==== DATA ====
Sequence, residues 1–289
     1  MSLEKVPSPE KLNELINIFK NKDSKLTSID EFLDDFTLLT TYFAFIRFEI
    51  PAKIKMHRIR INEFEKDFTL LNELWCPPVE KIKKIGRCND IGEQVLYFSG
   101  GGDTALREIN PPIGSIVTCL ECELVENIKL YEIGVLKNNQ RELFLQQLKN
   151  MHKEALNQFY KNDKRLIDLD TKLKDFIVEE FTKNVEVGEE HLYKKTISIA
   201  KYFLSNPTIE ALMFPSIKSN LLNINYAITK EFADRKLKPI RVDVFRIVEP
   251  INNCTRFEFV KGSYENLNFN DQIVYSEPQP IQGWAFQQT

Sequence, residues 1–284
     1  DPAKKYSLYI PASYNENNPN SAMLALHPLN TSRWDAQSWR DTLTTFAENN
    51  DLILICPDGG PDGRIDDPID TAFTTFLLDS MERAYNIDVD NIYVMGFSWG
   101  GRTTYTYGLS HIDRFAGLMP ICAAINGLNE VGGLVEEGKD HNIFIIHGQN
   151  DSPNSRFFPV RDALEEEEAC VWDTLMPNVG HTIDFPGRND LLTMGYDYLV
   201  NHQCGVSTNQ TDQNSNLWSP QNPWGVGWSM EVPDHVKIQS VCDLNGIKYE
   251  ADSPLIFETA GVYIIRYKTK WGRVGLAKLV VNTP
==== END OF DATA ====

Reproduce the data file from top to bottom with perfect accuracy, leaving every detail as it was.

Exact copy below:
Sequence, residues 1–289
     1  MSLEKVPSPE KLNELINIFK NKDSKLTSID EFLDDFTLLT TYFAFIRFEI
    51  PAKIKMHRIR INEFEKDFTL LNELWCPPVE KIKKIGRCND IGEQVLYFSG
   101  GGDTALREIN PPIGSIVTCL ECELVENIKL YEIGVLKNNQ RELFLQQLKN
   151  MHKEALNQFY KNDKRLIDLD TKLKDFIVEE FTKNVEVGEE HLYKKTISIA
   201  KYFLSNPTIE ALMFPSIKSN LLNINYAITK EFADRKLKPI RVDVFRIVEP
   251  INNCTRFEFV KGSYENLNFN DQIVYSEPQP IQGWAFQQT

Sequence, residues 1–284
     1  DPAKKYSLYI PASYNENNPN SAMLALHPLN TSRWDAQSWR DTLTTFAENN
    51  DLILICPDGG PDGRIDDPID TAFTTFLLDS MERAYNIDVD NIYVMGFSWG
   101  GRTTYTYGLS HIDRFAGLMP ICAAINGLNE VGGLVEEGKD HNIFIIHGQN
   151  DSPNSRFFPV RDALEEEEAC VWDTLMPNVG HTIDFPGRND LLTMGYDYLV
   201  NHQCGVSTNQ TDQNSNLWSP QNPWGVGWSM EVPDHVKIQS VCDLNGIKYE
   251  ADSPLIFETA GVYIIRYKTK WGRVGLAKLV VNTP